But don’t be naive into thinking that the war is won.  Because the enemy will continue to push on and the harder you press into God the harder satan will press into you. But you have your secret weapon, your Father, the King of Kings, fighting this battle with you and for you.  You see, God isn’t really interested in letting go of what is His.  He is a jealous God and you are His.  And He will fight for you and with you.  You are His.  He calls you child.  He calls you beloved.  He calls you worthy.  But He also calls you something special.  A name that is designed just for you and for all those special qualities and desires He put in you while He knit you in your mother’s womb.  And if you ask Him, He will reveal that name to you.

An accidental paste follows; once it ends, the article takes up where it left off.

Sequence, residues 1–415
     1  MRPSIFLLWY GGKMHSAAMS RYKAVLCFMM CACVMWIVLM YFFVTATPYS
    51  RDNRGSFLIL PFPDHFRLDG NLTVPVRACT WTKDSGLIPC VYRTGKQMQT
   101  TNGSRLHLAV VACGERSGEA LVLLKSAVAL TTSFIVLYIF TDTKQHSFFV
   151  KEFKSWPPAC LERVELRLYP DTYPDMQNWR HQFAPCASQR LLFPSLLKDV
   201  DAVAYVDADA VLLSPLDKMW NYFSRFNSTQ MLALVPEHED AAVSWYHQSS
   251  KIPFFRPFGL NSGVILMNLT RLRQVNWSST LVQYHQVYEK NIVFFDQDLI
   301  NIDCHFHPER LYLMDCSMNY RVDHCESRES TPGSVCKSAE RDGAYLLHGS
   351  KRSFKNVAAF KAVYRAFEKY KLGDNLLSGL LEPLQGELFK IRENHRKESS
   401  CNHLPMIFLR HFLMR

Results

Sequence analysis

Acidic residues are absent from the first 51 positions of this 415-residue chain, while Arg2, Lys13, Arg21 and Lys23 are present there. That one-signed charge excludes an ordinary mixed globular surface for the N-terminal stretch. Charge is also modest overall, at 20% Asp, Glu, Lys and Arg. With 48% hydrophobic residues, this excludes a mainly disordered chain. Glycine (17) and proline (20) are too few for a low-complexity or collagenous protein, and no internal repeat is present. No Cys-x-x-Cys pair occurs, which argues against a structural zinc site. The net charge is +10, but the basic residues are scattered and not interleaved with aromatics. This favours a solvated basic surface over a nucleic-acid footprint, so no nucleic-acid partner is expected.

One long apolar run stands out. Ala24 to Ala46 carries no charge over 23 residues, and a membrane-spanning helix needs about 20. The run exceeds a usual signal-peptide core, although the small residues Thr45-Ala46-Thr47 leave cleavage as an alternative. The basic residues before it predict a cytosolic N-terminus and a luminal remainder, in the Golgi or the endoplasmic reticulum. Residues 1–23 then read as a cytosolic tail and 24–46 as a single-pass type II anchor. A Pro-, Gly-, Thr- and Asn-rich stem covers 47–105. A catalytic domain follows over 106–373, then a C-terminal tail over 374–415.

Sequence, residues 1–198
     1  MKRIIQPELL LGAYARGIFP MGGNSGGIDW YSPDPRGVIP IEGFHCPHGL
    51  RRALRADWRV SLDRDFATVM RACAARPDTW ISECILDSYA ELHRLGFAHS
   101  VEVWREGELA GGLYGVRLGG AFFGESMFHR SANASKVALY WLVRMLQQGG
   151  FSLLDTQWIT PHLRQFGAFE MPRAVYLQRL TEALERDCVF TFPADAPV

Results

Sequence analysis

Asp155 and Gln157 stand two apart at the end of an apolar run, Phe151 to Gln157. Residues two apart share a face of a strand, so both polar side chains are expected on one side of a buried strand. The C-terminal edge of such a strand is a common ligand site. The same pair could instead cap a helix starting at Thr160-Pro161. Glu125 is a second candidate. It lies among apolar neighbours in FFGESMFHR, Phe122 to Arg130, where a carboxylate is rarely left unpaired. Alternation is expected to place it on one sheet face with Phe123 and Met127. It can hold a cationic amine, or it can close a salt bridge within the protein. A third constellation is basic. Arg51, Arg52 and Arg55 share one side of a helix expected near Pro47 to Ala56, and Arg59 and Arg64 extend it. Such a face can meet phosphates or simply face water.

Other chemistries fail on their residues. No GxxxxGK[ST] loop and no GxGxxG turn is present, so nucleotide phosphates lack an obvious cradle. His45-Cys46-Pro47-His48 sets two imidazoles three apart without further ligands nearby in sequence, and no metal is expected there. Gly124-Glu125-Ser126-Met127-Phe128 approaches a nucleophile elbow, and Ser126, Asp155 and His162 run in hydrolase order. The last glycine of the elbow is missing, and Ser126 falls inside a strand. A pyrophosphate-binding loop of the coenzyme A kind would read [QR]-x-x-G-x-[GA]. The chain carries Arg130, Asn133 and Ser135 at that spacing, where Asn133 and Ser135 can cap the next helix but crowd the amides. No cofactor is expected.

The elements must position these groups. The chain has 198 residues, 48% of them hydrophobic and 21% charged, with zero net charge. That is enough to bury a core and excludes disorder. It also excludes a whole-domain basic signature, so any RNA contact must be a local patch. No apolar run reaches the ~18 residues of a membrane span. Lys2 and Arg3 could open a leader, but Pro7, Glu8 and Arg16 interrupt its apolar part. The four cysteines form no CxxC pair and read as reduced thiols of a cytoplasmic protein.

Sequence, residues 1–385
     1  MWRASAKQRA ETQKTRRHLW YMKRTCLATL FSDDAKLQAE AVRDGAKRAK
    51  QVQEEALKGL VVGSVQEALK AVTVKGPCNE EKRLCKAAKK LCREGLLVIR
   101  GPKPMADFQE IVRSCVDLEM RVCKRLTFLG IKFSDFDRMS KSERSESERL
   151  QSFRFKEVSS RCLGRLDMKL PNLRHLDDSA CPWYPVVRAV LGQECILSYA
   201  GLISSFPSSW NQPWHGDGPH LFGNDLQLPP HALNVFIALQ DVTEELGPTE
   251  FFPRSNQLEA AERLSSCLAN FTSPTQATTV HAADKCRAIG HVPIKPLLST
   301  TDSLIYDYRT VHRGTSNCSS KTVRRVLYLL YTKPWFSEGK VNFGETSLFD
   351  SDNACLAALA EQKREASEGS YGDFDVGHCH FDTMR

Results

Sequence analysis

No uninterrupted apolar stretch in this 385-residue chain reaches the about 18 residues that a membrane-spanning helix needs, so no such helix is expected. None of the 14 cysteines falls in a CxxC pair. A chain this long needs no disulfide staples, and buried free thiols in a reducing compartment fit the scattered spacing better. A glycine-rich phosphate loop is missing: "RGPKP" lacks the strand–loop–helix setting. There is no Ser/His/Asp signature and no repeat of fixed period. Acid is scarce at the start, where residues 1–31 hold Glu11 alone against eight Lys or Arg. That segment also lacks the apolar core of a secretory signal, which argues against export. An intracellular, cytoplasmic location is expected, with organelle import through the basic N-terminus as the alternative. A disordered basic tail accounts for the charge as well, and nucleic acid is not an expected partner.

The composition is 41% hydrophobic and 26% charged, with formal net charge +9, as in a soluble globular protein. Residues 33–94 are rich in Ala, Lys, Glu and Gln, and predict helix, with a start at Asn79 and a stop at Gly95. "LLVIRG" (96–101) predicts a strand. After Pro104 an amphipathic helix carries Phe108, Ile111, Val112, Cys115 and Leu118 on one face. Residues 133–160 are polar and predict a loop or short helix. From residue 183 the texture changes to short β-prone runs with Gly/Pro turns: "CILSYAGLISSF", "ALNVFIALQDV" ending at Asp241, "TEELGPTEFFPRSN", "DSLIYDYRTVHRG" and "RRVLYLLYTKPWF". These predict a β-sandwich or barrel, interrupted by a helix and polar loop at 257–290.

When I asked God what He calls me I heard nothing.  I can only imagine what my face looked like while I was trying with all my might to keep my thoughts at bay and to listen-like I was listening for the sound of a worm crawling-so intently, yet the outside noises kept invading until I gave up.  The old thoughts came bubbling back up, “you are not worthy enough to hear from God”  “Do you really think you are special enough for that?”  I turned to sulking and then to just forgetting about it.  Until He told me.  I was sitting there amongst all my co-workers, getting ready to begin praise and worship as a family at our annual retreat and I heard Him.  Like an audible voice.  I turned to the person next to me and said, “Did you say something to me?”  with a blank stare on his face, “No.”  I figured surely it was my imagination or I just caught words from someone else’s conversation.  Then I heard it again.  So I turned to the other side of me and asked, “Did you say something?”  This time I got a look o surprise and another, “No.”  So I asked, feeling like Samuel as a child,  “God is that you?”  And again He spoke my identity.  And immediately I asked but what does that mean, and immediately He filled me with the so many things it meant and I suddenly felt complete in that moment.  He calls me “Creator.”  Creator of life, of art, of experiences, of characters, of dramas, of connections. Creator.